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School Dinners
Ron Moss (June 2002)
It is hard for anyone other than a schoolboy to really understand the primeval forces caused by hunger.  The craving is constant with a respite only whilst asleep.  The all pervading obsession with food continues way into adolescence when it is eventually replaced by other equally consuming forces; football and girls or anything sexual.  Lunch was the last opportunity to re-fuel until school had finished.  Even then food could only be obtained if one had some money left from the earlier visits to the tuck shop.  Normally, there was no food until one staggered into the home kitchen and with reducing strength, through malnutrition, managed to open the fridge and raid whatever was left in there.  On rare occasions a stroke of luck happened if the girls had domestic science and had cooked something vaguely edible that could be stolen or coerced away from them - an infrequent event.

Choosing your table
The school dinner ritual began on the first day of the new school year.  The dining hall was set out with tables seating ten people.  Each table had a Table Head.  This was a senior pupil, a prefect or occasionally a member of staff.  The form was that on the first day one would chose a table on which to sit and the resulting location would be one's place for the rest of the school year.  The choice of seating was  critical.  The main strategic criteria were proximity, (to the serving hatch and the tap), visibility, (inverse proximity to the Staff Table) and composition (the others who sat with you).  A position close to the serving hatch meant that there was less distance to travel to collect food, it was likely you would be selected early to collect your food, and you were near to the water tap to facilitate the speedy filling of water jugs, important for the perpetual water drinking competitions.  Being too near the head table was bad as you were easily scrutinised by the staff on duty.  Being invisible to staff was important.  Only too often it was at lunch time that a prefect or teacher seeing you at your table remembered the green paper or homework that you had not handed in or chose you as a volunteer they needed for some mundane errand which spoiled the rest of your lunch break.  The only downside of inverse proximity was the very occasional  time that a young attractive say exchange French Mistress sat on the raised head table and adopted an ungainly gait showing a glimpse of thigh or underwear.  As this only happened about once a year it seldom persuaded anyone to take the chance.  There were four tables that were located by the entrance door, behind the side wall of the serving hatch, and were completely concealed from the head table.  These tables were much sought after and unless you were large or very early into the room unobtainable.

Composition was probably the leading criteria.  The choice of Table Head was important but often difficult as the 'heads' would await everyone getting their seats before choosing their table.  Bearing in mind that each table was given the same volume of food irrespective of its constituency it was important to chose table mates that did not eat too much.  Of course it would be nice to sit with ones friends but, a table full of starving boys meant less food for all.  The ideal was to have one friend for company and the rest of the places to be filled with first form girls. First form girls eat very little and generally do what they are told.  A downside of this strategy was that during the water drinking contests a table full of girls did not help.  The competition was to see who could drink the most number of jugs full of water in a lunch break.  This had to be carried out subtly so as not to draw the attention of the staff.  It also required an amenable or 'naive' table head.  Sadly the girls would often not participate and even when they did their capacity for H2O was restricted.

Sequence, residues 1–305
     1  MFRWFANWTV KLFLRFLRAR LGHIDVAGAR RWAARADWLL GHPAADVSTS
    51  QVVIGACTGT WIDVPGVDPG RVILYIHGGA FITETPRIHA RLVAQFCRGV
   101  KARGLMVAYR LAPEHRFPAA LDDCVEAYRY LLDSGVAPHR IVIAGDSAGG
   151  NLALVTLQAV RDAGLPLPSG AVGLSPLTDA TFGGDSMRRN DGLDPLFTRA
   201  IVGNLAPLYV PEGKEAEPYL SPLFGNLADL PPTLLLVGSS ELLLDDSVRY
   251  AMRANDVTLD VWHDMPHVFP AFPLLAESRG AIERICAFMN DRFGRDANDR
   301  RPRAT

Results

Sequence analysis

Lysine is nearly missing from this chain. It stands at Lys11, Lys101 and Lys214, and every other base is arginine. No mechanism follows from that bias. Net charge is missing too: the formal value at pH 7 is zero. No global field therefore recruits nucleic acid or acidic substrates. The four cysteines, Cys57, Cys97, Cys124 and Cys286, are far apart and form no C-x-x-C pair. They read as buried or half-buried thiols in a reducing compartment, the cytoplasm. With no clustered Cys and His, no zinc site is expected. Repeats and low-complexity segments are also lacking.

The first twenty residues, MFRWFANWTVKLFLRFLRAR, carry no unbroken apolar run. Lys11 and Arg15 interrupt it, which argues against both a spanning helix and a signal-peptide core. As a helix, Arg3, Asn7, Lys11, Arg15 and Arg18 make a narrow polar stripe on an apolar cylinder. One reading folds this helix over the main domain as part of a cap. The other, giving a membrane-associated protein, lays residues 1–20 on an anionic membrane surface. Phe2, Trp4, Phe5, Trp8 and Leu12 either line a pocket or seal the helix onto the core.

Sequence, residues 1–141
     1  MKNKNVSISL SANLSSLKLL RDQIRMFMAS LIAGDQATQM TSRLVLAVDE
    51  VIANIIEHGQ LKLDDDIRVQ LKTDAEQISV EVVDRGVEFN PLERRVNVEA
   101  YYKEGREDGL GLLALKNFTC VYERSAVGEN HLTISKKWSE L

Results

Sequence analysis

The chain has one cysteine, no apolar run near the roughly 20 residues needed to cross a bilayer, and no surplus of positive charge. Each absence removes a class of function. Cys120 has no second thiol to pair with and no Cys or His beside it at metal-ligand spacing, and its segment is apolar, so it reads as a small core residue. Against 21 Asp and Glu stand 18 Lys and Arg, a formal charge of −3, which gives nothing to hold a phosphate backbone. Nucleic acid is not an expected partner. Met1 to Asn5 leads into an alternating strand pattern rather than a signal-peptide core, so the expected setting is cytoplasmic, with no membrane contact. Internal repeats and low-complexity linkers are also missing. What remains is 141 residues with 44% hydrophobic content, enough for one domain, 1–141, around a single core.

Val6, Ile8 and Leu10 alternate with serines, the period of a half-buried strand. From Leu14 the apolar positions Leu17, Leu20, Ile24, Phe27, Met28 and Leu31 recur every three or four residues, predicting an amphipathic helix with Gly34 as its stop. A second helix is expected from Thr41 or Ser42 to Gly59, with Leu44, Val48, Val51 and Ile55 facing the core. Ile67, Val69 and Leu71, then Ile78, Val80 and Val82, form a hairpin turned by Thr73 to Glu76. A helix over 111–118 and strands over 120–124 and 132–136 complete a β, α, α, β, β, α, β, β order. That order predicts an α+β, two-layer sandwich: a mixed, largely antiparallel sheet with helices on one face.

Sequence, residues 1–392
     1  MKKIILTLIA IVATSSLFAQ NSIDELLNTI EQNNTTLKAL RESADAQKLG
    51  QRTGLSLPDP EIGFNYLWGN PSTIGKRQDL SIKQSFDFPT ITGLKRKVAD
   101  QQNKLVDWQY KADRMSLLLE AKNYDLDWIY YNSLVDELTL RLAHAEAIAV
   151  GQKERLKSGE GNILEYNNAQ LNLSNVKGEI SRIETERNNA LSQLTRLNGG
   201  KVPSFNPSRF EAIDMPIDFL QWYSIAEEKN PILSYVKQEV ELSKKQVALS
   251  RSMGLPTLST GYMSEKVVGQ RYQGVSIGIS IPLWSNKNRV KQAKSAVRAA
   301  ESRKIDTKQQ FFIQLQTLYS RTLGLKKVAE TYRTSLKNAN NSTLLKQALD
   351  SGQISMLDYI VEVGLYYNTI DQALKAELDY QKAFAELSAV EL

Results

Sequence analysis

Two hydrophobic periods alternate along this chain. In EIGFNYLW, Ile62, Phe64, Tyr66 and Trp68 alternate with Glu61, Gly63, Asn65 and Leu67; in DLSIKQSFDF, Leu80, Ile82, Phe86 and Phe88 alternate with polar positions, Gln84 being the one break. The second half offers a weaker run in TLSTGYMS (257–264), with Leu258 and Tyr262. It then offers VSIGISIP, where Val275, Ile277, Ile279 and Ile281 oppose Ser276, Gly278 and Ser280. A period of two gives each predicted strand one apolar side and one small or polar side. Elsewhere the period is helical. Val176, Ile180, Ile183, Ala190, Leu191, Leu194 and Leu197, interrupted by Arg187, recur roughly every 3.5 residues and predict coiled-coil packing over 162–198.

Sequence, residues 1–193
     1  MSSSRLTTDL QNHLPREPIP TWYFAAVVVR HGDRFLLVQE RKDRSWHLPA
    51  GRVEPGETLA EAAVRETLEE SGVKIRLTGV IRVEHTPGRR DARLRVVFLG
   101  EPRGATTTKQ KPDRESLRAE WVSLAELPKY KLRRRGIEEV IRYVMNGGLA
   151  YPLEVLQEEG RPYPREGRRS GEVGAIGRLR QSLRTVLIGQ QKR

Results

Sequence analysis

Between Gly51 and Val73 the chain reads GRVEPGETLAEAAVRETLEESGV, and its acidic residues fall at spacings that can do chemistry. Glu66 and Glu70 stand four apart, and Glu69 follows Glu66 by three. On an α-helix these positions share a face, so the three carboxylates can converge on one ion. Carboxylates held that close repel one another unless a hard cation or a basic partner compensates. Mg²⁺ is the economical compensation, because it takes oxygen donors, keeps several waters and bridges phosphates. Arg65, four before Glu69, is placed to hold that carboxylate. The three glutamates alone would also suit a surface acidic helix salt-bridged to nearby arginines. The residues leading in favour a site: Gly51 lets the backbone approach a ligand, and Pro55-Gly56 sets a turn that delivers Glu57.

The noise
Even after all the years I can still remember the noise levels over lunch.  Hundreds of youngsters make a lot of noise.  I recall, however, that the noise levels would depend on what food was being served.  Some dishes restrict noise.  Stews, cottage pie and other dishes of a viscous nature were noisy.  Salads, anything with chips and macaroni cheese were quiet.

The food
I can not recall if the food was good or bad.  I suspect that it was probably quite good for institutional food.  I do recall though that there was never enough of it.  Some of the dishes I remember were Bakewell tart and watery custard, rice pudding with a dollop of jam, Toad in the Hole and corned beef and or Spam fritters.

John Calvert (July 2002)
School Dinners, 6 bob a week to enjoy the cabbage, some days we didn't even have cabbage but the succulent aroma wafted up the front stairwell and down the Gym corridor. No packed lunches permitted and "zones"
for those going home for lunch. Solution...... pay the money, get on second sitting, grab a first sitting first year and grill them for the day's menu, IF appealing into the dining hall, if not sneak the sandwiches out of the pocket whilst enjoying the second pickup football in the playground ( before balls were banned by VJ.)


06 November, 2004         Ron Moss